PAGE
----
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PBS funding pledged

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1982-03-19 Daily Tar Heel.jpg

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Public television's national telethon "Festival" is in its second week, and for the fifth time in its five-year history, the annual fund-raiser promises to be a success for the UNC Center for Public Television. WUNC-TV in Chapel Hill is one of the eight stations in the state participating in "Festival."

The success of "Festival" ensures a continuation of high-quality programming in North Carolina, said Grace Rohrer, director of development for the Center. The Public Broadcasting System tries to attract only a segment of the viewer population at any given time as opposed to commercial television, which attempts to reach a majority of the overall audience at all times. This strategy enables PBS to air programs that may not get optimum viewer levels on commercial television.

Rohrer said the campaign involved five-minute to eight-minute interruptions in programming during which viewers were asked to call and make a pledge. She said the breaks were carefully calculated and much of the programming was designed to accommodate these breaks. "Festival" began Friday, March 5 and will end Sunday, March 21.

The state goal for "Festival" 1982 is $1 million. Last year's pledges totaled $750,000 and helped the UNC Center win the PBS award for fund raising.

North Carolina is one of the few states that is so successful with "Festival" that it holds just one telethon. Most states are forced to conduct three campaigns a year, said Allen Reep, development associate.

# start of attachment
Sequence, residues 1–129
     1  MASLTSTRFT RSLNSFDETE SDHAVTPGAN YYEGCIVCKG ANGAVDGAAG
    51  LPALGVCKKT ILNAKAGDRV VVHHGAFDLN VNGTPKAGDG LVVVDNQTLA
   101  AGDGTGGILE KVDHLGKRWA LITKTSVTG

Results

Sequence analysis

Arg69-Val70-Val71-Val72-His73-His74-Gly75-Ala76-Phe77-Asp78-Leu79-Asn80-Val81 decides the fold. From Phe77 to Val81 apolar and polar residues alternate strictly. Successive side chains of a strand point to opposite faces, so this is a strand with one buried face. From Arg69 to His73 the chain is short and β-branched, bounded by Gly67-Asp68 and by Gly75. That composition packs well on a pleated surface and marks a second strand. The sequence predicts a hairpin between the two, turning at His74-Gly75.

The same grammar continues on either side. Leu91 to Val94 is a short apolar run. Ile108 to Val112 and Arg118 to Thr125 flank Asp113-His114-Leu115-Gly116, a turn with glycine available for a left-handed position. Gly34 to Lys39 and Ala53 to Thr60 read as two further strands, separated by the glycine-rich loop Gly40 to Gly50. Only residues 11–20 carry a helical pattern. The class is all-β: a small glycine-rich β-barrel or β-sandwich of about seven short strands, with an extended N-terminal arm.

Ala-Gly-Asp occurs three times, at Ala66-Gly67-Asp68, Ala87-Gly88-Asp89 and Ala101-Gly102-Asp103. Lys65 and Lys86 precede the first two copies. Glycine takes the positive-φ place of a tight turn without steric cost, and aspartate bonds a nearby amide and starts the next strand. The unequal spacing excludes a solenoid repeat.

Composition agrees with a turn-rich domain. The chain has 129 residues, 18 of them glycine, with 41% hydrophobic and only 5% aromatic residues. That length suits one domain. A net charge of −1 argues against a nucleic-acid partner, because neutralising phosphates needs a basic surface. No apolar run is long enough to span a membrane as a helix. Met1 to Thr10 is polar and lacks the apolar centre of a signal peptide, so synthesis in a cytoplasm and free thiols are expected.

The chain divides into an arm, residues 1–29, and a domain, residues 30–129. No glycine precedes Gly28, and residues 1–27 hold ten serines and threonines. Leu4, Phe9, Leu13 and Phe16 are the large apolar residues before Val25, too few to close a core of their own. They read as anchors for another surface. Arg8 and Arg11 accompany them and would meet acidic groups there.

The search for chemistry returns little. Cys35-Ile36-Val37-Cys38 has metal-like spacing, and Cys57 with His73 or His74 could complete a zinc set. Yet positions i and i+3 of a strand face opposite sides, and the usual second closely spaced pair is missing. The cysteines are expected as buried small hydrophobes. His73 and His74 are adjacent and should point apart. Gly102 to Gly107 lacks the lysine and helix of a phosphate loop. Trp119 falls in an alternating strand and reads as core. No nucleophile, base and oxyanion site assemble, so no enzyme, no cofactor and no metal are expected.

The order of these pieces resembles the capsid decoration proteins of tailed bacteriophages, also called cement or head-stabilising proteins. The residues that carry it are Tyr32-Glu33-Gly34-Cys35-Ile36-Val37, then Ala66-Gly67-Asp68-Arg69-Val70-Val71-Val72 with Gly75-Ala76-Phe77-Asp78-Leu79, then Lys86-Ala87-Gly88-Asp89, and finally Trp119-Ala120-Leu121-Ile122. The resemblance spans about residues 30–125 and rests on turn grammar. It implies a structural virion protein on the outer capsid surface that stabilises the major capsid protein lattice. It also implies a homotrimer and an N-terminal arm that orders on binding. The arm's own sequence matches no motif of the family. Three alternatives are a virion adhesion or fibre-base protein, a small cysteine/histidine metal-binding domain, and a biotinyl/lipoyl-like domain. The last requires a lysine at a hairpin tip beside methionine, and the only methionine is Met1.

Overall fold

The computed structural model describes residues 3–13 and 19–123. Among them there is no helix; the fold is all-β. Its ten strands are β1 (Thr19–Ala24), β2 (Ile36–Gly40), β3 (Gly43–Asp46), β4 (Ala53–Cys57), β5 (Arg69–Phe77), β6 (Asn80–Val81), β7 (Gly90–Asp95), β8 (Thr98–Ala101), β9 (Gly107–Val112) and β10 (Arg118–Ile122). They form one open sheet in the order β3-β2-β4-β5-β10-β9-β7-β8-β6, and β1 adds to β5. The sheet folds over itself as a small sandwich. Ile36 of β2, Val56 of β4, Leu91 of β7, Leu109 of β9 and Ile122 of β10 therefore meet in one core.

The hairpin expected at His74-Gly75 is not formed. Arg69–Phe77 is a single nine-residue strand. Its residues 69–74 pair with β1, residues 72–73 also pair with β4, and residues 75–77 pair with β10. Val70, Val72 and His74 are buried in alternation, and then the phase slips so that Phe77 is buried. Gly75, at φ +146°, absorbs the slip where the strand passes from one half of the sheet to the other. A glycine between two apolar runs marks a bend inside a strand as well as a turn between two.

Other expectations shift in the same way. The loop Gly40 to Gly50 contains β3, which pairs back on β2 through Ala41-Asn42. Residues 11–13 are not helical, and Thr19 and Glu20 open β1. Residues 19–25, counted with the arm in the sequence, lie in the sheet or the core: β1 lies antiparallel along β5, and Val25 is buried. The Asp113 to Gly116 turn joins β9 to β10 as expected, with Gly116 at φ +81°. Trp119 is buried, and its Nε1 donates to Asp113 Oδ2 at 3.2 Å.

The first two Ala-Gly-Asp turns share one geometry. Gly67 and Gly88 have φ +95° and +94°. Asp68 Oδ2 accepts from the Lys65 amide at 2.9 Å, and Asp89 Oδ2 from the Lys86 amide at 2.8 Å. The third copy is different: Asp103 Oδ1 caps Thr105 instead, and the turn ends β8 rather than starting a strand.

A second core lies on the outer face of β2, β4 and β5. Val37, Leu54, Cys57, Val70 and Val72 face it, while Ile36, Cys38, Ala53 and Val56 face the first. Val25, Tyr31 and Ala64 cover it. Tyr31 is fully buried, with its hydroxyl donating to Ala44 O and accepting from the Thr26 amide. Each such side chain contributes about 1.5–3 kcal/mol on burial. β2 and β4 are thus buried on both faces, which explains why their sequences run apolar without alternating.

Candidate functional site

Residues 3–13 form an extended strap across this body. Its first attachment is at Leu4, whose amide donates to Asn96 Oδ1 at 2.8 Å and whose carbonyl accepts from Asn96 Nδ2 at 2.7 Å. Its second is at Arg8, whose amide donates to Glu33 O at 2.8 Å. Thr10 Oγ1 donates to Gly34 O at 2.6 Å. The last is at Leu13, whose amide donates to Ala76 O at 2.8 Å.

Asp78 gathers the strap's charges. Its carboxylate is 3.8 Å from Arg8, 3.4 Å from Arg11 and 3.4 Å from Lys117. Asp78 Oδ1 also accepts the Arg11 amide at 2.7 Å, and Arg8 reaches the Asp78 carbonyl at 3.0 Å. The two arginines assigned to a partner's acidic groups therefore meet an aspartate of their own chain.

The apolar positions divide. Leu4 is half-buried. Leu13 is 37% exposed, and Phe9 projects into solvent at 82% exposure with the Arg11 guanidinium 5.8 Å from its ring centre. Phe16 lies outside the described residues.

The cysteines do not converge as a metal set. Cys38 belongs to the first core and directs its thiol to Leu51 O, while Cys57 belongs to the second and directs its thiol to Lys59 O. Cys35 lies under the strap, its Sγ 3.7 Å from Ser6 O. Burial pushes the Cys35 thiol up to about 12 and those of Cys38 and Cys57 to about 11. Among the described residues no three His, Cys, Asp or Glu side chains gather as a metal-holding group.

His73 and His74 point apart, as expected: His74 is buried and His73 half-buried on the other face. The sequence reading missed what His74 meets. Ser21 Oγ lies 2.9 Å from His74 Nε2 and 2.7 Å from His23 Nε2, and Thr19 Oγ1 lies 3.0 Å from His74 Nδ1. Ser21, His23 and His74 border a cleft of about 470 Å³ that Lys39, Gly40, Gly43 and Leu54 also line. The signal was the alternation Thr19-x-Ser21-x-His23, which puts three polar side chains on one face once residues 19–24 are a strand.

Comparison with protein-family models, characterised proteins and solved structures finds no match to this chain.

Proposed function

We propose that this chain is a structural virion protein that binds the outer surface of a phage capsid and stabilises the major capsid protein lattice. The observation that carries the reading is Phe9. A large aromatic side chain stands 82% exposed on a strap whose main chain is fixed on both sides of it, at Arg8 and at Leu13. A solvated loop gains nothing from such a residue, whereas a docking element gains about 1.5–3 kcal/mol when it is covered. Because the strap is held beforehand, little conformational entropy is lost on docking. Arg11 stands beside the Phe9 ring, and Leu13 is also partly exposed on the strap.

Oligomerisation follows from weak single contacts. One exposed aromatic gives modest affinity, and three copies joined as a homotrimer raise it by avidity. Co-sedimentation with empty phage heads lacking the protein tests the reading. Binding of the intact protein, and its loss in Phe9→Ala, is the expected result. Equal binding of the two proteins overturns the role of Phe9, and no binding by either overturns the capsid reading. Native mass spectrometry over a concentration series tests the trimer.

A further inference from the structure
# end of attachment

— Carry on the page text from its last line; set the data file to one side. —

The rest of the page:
"I'm getting calls from stations asking 'what are you doing?'", Rohrer said. The UNC Center leads all other state systems with pledges totalling $620,000 as of Wednesday, March 17.

The Center is now receiving $4 million annually from the state to cover operating costs. The federal government provides an additional $700,000 for programming in community service grants, which is to be cut in half by 1985.

The Center receives another $500,000 in aid from banks and corporations such as CCB, Wachovia and Bluebell, which agree to underwrite certain programs. Some corporations also have agreed to match their employees' "Festival" contributions.

The Center also. has used other fundraising tactics including the recent "Gala" evening at the Hotel Europa featuring comedian Mark Russell. This event was staged to get corporate contributions. Reep cites an innovative approach as the key to the Center's fund-raising success. Both corporate and individual contributions including "Festival" pledges are used to buy programs.

Reep said he suspected smaller contributions are made by students during such programs as the two popular science fiction shows "Dr. Who" and "Twilight Zone." Half the volunteers for the second week of "Festival" are students, and fraternity and sorority members are helping to man the phones.

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  • APA 6th ed.: Raper, Sarah (1982-03-19). PBS funding pledged. The Daily Tar Heel p. 3.
  • MLA 7th ed.: Raper, Sarah. "PBS funding pledged." The Daily Tar Heel [add city] 1982-03-19, 3. Print.
  • Chicago 15th ed.: Raper, Sarah. "PBS funding pledged." The Daily Tar Heel, edition, sec., 1982-03-19
  • Turabian: Raper, Sarah. "PBS funding pledged." The Daily Tar Heel, 1982-03-19, section, 3 edition.
  • Wikipedia (this article): <ref>{{cite news| title=PBS funding pledged | url=http://cuttingsarchive.org/index.php/PBS_funding_pledged | work=The Daily Tar Heel | pages=3 | date=1982-03-19 | via=Doctor Who Cuttings Archive | accessdate=17 August 2019 }}</ref>
  • Wikipedia (this page): <ref>{{cite web | title=PBS funding pledged | url=http://cuttingsarchive.org/index.php/PBS_funding_pledged | work=Doctor Who Cuttings Archive | accessdate=17 August 2019}}</ref>